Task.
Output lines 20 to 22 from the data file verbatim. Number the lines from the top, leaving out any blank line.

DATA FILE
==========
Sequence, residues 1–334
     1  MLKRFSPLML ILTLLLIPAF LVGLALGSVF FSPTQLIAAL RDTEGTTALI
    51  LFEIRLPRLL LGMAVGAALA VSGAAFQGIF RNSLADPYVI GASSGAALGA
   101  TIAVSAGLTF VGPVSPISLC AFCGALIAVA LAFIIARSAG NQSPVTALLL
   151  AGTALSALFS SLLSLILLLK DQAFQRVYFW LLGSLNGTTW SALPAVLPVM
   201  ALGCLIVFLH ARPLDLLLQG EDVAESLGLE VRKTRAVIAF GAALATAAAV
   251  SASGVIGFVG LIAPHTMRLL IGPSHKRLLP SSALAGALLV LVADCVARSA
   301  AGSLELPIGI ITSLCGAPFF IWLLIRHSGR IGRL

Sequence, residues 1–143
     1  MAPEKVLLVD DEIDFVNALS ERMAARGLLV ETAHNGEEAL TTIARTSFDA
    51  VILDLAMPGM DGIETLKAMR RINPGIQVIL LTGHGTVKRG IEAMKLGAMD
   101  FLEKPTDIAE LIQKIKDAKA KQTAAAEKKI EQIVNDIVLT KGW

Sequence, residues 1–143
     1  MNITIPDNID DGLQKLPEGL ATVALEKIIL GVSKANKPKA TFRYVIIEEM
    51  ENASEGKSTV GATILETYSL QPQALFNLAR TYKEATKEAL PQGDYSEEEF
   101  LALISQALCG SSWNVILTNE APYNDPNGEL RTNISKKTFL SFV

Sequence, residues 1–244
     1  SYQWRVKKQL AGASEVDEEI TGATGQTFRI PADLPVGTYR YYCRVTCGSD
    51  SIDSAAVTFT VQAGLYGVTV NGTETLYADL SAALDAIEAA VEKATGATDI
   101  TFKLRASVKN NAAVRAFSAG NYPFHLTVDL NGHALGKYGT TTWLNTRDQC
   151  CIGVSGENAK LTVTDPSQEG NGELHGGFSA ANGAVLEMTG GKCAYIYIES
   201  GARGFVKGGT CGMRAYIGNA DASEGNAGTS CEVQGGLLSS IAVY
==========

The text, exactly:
   101  TFKLRASVKN NAAVRAFSAG NYPFHLTVDL NGHALGKYGT TTWLNTRDQC
   151  CIGVSGENAK LTVTDPSQEG NGELHGGFSA ANGAVLEMTG GKCAYIYIES
   201  GARGFVKGGT CGMRAYIGNA DASEGNAGTS CEVQGGLLSS IAVY